Three BPSC workshops will take place on Sunday 3rd December, 2017 at the Scottish Universities Environmental Research Centre (East Kilbride, minibus transport from Glasgow) and the University of Glasgow (5-minute walk from the conference venue). Once registration opens there will be an option to register for the workshops (see registration form) in addition to the conference. Note places for the workshops are limited.


Workshop 1A: Geochronology of extraterrestrial materials

Led by: Prof. Darren Mark, Dr Ryan Ickert, and Dr Derek Fabel. Support will  be provided by Dr Ben Cohen and Annemarie Pickersgill.

Workshop capacity: 15

Summary: Meteorites are samples of other (than the Earth) planetary bodies in our solar system, and except for the collection of returned lunar materials they are the only such samples available for laboratory examination. Since nearly all absolute chronometric methodologies require laboratory observation, meteorites provide the major basis for planetary chronology outside the Earth-Moon system. The principal non-laboratory approach to planetary chronology is analysis of impact crater density on the surfaces of major bodies observed remotely; such ages are considered in the articles for these planetary bodies, while this entry concentrates on the information which can be gathered from meteorites. This workshop will look at how we use radioisotopic and cosmogenic isotope dating to constrain the evolution of Mars and other solar system bodies. We will cover a range of techniques and include a series of laboratory visits (noble gas mass spectrometers, thermal ionization mass spectrometers, accelerator mass spectrometers).

The workshop will run at SUERC from 12:00 to 16:00. A minibus will take participants from the University of Glasgow to East Kilbride and return them to Glasgow.


Workshop 1B: The study of organic matter in extraterrestrial materials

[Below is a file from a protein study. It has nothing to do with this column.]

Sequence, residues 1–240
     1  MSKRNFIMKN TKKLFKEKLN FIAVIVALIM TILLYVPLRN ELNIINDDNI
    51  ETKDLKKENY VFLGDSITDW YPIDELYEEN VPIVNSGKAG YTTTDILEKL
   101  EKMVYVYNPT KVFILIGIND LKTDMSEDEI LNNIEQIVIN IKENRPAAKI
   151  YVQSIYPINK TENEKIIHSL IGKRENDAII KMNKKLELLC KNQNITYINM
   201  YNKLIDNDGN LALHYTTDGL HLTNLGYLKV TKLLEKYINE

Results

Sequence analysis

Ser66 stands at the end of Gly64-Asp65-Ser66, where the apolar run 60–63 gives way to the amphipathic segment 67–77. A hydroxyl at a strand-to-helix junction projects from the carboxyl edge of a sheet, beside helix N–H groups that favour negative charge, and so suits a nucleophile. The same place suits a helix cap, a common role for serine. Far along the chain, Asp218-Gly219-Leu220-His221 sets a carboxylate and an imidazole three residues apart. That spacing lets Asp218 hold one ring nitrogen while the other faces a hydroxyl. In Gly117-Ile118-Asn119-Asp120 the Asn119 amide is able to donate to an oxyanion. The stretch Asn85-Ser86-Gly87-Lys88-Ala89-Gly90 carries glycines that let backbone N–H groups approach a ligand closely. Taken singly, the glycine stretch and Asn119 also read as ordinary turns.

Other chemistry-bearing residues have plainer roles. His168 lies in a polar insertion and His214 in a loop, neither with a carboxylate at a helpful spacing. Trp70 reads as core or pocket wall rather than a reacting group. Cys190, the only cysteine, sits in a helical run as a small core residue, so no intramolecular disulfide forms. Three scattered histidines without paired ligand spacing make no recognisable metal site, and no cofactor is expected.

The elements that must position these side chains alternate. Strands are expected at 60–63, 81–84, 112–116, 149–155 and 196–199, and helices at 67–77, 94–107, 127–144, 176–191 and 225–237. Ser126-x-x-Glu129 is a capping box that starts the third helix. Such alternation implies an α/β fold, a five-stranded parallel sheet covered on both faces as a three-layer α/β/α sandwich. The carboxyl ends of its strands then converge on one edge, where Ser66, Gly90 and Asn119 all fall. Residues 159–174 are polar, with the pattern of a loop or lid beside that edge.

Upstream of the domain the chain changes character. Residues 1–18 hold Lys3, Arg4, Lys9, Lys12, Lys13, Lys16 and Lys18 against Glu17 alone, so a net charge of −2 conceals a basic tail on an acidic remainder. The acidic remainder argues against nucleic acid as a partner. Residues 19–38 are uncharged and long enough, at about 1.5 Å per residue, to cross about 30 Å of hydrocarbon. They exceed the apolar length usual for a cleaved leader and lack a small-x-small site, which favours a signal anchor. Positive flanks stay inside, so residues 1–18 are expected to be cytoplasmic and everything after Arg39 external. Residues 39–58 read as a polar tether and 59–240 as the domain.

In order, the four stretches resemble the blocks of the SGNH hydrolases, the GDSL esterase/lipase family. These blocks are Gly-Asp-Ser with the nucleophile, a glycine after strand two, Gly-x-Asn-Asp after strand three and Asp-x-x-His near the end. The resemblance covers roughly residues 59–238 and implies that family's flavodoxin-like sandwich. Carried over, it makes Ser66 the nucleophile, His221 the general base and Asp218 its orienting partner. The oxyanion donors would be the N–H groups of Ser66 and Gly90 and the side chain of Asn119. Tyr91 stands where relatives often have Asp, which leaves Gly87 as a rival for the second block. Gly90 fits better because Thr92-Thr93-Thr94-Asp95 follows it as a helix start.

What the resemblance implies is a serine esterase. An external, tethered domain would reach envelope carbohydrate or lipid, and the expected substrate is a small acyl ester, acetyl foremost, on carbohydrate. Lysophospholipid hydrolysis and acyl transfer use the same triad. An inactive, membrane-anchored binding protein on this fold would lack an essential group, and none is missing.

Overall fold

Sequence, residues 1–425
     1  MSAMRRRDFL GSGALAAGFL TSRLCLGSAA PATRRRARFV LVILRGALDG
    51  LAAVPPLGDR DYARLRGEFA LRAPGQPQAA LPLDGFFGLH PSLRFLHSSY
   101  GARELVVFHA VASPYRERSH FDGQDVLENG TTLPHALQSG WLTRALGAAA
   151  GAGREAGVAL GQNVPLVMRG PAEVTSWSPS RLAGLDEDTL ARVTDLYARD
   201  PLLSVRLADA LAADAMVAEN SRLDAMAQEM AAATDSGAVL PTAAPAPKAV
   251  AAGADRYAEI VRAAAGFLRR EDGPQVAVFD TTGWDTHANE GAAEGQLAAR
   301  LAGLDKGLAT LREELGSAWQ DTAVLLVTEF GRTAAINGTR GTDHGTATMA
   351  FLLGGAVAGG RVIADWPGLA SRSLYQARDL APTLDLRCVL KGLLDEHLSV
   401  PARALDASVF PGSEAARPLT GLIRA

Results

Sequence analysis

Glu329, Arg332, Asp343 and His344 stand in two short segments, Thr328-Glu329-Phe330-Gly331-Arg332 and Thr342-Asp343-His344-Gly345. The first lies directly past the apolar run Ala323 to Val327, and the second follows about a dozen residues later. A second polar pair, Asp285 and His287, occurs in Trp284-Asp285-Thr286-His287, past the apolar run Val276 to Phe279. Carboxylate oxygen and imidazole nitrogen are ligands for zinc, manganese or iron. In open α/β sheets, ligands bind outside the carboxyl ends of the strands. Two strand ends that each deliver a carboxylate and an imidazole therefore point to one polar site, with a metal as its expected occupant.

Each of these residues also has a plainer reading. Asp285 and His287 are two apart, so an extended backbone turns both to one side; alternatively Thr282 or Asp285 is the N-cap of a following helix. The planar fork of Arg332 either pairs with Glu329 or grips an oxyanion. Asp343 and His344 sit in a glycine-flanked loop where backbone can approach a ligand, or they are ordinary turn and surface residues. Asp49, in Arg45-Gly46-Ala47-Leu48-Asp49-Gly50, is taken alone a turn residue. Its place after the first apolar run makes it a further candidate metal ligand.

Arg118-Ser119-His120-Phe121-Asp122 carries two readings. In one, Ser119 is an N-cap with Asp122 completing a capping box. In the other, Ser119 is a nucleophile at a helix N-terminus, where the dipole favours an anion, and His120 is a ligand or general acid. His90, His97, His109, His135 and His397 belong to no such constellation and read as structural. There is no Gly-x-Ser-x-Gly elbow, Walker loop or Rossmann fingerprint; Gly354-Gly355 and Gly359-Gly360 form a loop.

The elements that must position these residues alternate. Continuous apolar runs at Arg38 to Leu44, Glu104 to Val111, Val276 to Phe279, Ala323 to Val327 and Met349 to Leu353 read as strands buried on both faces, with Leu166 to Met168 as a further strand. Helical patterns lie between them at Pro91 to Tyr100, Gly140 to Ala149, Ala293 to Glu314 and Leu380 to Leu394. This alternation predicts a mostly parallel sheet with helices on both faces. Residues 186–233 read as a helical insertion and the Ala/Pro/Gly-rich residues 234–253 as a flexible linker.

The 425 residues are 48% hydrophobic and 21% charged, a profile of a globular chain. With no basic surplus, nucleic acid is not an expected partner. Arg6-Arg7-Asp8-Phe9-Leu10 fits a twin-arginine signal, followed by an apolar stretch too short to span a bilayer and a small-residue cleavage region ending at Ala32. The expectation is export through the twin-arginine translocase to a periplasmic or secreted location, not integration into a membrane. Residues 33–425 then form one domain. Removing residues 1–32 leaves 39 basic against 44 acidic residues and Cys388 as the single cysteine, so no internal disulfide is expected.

Led by: Dr Queenie Chan, Dr Lydia Hallis and Prof. Monica Grady.

Workshop capacity: 15

Summary: Organic molecules are common on Earth, but certainly not limited to this occurrence in our solar system. The detection of organics in various solar system materials in the past decades have equipped us with a better understanding of the extensive array of organic materials that are present in meteorites, Earth-collected cosmic dust, as well as samples returned, or observed in situ by various space missions. Ahead of us are more exciting space missions with a clear target of investigating the molecular precursors that could have led to the origin of life. This workshop is designed to give an overall review of our understanding of the distribution of organic matter in our solar system. We will give an overview on the instrumentation commonly used to study the organic material (soluble and insoluble) in the laboratory, including various spectroscopic techniques such as Nanoscale secondary ion mass spectrometry (NanoSIMS), Raman, Fourier transform infrared (FTIR), X-ray absorption near edge structure (XANES), and gas chromatography mass spectrometry (GCMS), and will set foot in our BECS GC clean lab and Raman lab where we will demonstrate proper sample handling and data acquisition techniques. The workshop will be concluded by participants sharing tips/thoughts about sample handling skills and announcing new techniques/instrumentation offered in their universities/laboratories.

**Upon completion of this workshop, participants can apply for free instrumental time (up to 4 hours) on the Renishaw InVia Raman Microscope of the School of Geographical & Earth Sciences, University of Glasgow.

^BECS: Biomarkers for Environmental and Climate Science


Workshop 1C: Characterisation of crystalline materials by EBSD, TKD and TEM

Led by: Dr Luke Daly and Prof. Martin Lee.

Workshop capacity: 15

Summary: Microstructural textures and defects in minerals from rocks including meteorites and terrestrial impactites are used to interpret their petrogenesis, i.e., shock and thermal histories. Electron backscatter diffraction (EBSD) and its high-resolution sister transmission Kikuchi diffraction (TKD) as well as transmission electron microscopy (TEM) are powerful tools for extracting such crystallographic information. The workshop is designed to give an overview of these techniques, the principles behind them and the information that can be obtained from them. This is followed by a live demonstration on the EBSD system at the University of Glasgow, School of Geographical and Earth Science and a crash course in data reduction and interpretation using Oxford Instruments Channel 5 software package. We will also have a session to discuss challenges for EBSD, TKD and TEM such as sample preparation, or temperamental phases where we can share our experience and devise solutions.

**Upon completion of this workshop, participants can apply for free instrumental time (up to 4 hours) one of the EBSD systems of the School of Geographical & Earth Sciences, University of Glasgow